US business upbeat on prospect of FTA talks
By Brian Beary in Washington | Friday 11 January 2013
The US business sector is voicing growing optimism that talks will soon be launched for an EU-US free trade agreement (FTA). “This is going to start a lot sooner than people think,” Thomas Donohue, president of the US Chamber of Commerce, told a press conference in Washington DC, on 10 January. Donohue was keen to dispel the notion that enthusiasm was greater on the European side for the pact than on the American side, noting that conversations on the issue on both sides of the pond were “coming to a crescendo”. He was especially confident that there would be less resistance from the US trade union movement than there typically has been to FTAs with other countries. The US trade unions have “for a long time pointed to the EU as a place that knows how to deal with labour” issues, he noted, which should make it “very hard” for them to oppose an EU-US FTA.
The main reason why support for an EU-US FTA has grown so strong, Donohue suggested, was that both sides urgently needed to create faster economic growth and more jobs. As a result, while the transatlantic discussions initially focused on doing a goods-only trade agreement, this has since been extended to other areas, in particular regulatory barriers, which he predicted would take up “a good deal” of the negotiations. While this larger agenda would prolong the trade negotiations, Donohue said there was a “high probability” that a deal would be struck in the long term. However, he also flagged up one key precondition for a future agreement to take effect: that the US president’s Trade Promotion Authority (TPA) be renewed. TPA would give to Barack Obama the power to present to Congress an EU-US trade agreement for a simple ‘yes or no’ vote, instead of allowing Congress to vote on individual parts of an accord. Allowed to expire some years ago, the TPA is widely viewed as essential for a trade pact to succeed, as the US’ trade partners will be reluctant to sign up to a deal in the absence of the TPA, fearful Congress will pick it apart. A future EU-US FTA would also need the approval of the European Parliament, which so far has been very enthusiastic about the idea. In general, European public opinion is more receptive to FTAs than the US public where there remains a lingering sentiment that FTAs cause US jobs to be lost, not gained, especially to emerging economies in Asia.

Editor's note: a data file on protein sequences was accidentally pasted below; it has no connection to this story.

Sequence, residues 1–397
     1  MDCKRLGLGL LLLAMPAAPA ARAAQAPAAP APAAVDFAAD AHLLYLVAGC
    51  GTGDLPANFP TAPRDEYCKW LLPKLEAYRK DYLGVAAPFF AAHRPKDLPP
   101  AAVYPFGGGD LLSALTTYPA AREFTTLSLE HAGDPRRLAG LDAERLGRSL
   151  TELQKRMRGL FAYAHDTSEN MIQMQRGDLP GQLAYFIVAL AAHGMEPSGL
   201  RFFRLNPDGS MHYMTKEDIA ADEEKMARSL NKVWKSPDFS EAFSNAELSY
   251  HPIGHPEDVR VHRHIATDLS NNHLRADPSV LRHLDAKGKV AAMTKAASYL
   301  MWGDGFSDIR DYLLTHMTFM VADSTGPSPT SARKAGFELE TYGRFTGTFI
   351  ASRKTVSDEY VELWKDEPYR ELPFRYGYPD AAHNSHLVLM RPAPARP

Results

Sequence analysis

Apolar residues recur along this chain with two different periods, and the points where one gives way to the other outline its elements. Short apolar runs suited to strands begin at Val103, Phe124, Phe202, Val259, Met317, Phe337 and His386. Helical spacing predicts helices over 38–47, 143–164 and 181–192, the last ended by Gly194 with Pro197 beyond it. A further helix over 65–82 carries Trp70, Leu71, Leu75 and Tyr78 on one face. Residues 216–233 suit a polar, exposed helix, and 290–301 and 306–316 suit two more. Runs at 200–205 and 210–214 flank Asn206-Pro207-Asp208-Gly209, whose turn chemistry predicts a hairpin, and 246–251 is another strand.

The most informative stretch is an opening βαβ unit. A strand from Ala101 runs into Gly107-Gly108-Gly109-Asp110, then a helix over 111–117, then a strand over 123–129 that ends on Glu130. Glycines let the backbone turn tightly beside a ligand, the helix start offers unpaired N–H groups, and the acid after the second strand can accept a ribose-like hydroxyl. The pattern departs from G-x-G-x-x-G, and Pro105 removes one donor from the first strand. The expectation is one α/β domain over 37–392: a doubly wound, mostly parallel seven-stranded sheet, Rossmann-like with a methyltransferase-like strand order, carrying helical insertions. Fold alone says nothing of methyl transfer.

The next step that needs to take place for the talks to be launched is the publication of the final recommendation of the EU-US High-Level Working Group on Jobs and Growth, which the EU and US leaders established in November 2011 to weigh the pros and cons of shooting for a bilateral FTA. The working group’s report had been due by December 2012 but that timetable has slipped and is now scheduled for the end of January. The Irish EU Presidency is very keen to see the talks launched during its tenure, which concludes in June.